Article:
In 2015, after re-discovering a large collection of Scottish Court of Session Papers that the Law Library had acquired at auction in the 1980s, Randi initiated a project to inventory and digitize this rich resource. Upon reviewing these printed case files presented before the Scottish Court of Session from 1759 to 1834, Randi was amazed at their value not only to legal scholars, but to researchers across many disciplines. Legal materials in this period that originated as manuscripts and include rich historical information, like these Session Papers, rarely exist in printed forms that can be so easily harvested for digital searching, visualization, and analysis. As a court of appeal and first instance and the highest civil court in Scotland, the Court of Session held jurisdiction over matters of succession and land ownership, divorce, intellectual property rights, contested political elections, and contract and commercial cases, including many on the colonial North American tobacco trade. The Law Library expects this collection will support new scholarship on the British Atlantic of the 18th and 19th centuries and on American history, particularly in the years surrounding the American Revolution.
She is currently a research fellow at the Robert H. Smith International Center for Jefferson Studies.
Philip Mills Herrington served as the Law Library’s Postdoctoral Fellow in Digital Humanities from January 2013 to August 2014. Prior to his role as a Law Library fellow, he earned his Master’s in Historic Preservation from the University of Georgia in 2003 and his Ph.D. in History from the University of Virginia in 2012. His scholarship combines architectural and environmental history to examine the plantation as a conceptual and physical space in the development of the United States. In fall 2014, Philip became an Assistant Professor of History at James Madison University, where he teaches U.S. History and Historic Preservation.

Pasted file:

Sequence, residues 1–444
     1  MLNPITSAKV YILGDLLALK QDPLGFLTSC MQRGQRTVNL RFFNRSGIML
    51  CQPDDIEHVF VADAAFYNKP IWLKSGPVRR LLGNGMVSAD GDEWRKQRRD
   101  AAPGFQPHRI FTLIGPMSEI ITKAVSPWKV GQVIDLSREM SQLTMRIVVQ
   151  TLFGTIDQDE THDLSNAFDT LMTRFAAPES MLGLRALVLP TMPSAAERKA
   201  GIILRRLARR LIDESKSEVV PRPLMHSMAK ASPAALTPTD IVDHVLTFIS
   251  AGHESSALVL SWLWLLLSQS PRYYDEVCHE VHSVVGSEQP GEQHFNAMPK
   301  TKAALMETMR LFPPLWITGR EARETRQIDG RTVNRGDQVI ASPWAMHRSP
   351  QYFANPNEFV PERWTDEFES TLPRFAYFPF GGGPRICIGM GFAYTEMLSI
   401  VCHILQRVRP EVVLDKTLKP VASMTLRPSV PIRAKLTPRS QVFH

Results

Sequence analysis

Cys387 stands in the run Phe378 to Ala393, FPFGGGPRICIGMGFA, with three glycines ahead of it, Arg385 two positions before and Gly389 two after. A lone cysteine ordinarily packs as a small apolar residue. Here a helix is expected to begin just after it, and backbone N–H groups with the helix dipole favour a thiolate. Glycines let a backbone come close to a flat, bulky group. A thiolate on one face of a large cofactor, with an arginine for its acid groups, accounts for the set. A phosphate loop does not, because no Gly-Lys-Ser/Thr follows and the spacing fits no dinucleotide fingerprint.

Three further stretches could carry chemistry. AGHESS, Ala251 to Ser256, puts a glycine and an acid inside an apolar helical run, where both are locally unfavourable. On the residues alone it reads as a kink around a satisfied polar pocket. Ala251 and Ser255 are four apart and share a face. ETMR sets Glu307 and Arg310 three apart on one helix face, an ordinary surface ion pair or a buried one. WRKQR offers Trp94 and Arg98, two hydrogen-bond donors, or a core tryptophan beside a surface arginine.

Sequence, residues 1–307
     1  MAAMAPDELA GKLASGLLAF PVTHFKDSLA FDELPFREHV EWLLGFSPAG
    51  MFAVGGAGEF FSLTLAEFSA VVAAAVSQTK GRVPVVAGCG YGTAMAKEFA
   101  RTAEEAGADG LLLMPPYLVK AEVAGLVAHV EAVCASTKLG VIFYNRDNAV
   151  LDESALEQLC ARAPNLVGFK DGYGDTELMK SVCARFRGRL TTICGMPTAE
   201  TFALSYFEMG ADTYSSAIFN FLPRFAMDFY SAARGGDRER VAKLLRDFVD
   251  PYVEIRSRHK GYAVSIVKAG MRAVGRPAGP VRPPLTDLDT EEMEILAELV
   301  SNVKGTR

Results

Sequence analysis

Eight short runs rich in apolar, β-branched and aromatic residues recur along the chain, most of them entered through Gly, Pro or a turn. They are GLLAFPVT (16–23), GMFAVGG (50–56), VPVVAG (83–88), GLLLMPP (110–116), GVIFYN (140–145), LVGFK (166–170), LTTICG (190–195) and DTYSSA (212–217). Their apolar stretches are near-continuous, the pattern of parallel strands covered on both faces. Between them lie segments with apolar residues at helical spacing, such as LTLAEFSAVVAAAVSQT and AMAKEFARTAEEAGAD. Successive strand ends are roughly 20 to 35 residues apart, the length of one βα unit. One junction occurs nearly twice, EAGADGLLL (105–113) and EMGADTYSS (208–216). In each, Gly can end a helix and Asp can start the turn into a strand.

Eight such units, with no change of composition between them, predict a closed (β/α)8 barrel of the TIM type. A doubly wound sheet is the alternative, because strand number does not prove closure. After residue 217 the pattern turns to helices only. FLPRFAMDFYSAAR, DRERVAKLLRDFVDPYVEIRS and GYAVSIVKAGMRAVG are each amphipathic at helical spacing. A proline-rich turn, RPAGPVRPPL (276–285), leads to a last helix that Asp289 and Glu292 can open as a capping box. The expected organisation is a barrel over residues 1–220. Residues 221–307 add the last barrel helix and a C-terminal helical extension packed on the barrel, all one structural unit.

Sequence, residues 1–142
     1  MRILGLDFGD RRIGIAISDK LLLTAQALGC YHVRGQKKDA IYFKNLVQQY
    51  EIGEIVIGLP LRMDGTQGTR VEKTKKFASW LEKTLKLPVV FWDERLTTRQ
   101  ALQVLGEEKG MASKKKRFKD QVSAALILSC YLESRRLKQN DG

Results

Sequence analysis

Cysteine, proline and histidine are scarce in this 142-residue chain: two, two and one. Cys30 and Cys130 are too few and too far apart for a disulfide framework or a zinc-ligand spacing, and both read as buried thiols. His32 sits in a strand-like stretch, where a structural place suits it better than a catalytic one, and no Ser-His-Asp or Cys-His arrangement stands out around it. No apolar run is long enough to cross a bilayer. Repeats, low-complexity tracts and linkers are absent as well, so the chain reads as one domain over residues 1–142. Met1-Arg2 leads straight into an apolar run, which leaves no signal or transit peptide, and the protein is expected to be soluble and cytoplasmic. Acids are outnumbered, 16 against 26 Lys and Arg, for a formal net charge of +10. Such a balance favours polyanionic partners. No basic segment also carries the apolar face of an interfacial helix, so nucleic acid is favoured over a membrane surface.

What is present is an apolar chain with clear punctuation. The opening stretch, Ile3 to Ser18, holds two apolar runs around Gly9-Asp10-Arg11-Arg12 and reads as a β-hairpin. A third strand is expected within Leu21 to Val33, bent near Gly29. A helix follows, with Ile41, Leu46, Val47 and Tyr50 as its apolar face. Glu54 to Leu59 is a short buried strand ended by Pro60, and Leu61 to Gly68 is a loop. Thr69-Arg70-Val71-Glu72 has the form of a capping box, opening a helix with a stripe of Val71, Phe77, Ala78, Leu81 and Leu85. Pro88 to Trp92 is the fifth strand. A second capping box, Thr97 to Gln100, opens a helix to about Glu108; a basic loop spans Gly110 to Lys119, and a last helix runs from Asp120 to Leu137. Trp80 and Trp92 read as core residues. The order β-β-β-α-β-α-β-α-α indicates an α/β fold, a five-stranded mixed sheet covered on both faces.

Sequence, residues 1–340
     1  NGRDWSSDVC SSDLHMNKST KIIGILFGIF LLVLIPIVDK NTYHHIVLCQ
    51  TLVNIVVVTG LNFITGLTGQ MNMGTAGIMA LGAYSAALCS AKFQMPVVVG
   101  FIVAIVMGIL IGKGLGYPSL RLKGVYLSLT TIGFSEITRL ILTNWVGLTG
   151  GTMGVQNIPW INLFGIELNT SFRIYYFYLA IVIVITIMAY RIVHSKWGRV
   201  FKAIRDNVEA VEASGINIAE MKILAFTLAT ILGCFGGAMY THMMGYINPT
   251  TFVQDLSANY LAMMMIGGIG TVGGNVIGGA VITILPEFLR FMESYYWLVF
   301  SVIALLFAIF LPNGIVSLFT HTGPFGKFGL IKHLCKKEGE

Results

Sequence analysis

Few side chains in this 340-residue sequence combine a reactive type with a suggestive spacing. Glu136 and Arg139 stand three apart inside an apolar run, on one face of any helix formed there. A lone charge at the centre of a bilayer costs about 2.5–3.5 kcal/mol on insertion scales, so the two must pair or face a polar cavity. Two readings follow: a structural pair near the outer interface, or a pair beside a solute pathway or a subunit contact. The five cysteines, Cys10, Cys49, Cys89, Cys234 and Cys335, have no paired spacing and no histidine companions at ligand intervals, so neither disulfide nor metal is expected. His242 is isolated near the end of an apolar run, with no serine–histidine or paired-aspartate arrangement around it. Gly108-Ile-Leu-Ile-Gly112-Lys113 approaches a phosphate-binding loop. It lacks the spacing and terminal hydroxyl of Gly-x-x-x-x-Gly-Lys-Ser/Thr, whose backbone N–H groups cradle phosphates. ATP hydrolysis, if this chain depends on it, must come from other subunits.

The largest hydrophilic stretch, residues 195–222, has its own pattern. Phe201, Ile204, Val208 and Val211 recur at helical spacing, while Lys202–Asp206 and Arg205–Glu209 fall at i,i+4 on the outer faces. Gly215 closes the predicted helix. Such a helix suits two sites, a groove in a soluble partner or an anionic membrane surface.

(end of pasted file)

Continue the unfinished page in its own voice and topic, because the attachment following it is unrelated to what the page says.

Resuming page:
At the Law Library, Philip’s background in architectural history led him to explore the history of the Law School through its physical spaces, from its original location in Jefferson’s Academical Village to the current Law Grounds. Uncovering a surprisingly rich archive of material at both the Law Library and the Albert and Shirley Small Special Collections Library on Central Grounds, Philip authored a monograph on the Law School’s architectural evolution over nearly 200 years. This work, which will be published by the University of Virginia Press in 2017, serves as both a history of the Law School and a case study in the expansion of the University of Virginia. Philip also initiated a comparison of Jefferson’s selection of law titles for the new University library from 1824-25 and the list of law books included in the published catalog of the library in 1828. Now part of the ongoing 1828 Catalogue project, this endeavor seeks to better understand Jefferson’s conception of the study of law at the University and the degree to which the new library reflected this vision. Philip was instrumental in developing a new exhibit now on display in the library’s entrance showcasing the history of the Law School from 1819 to 2000.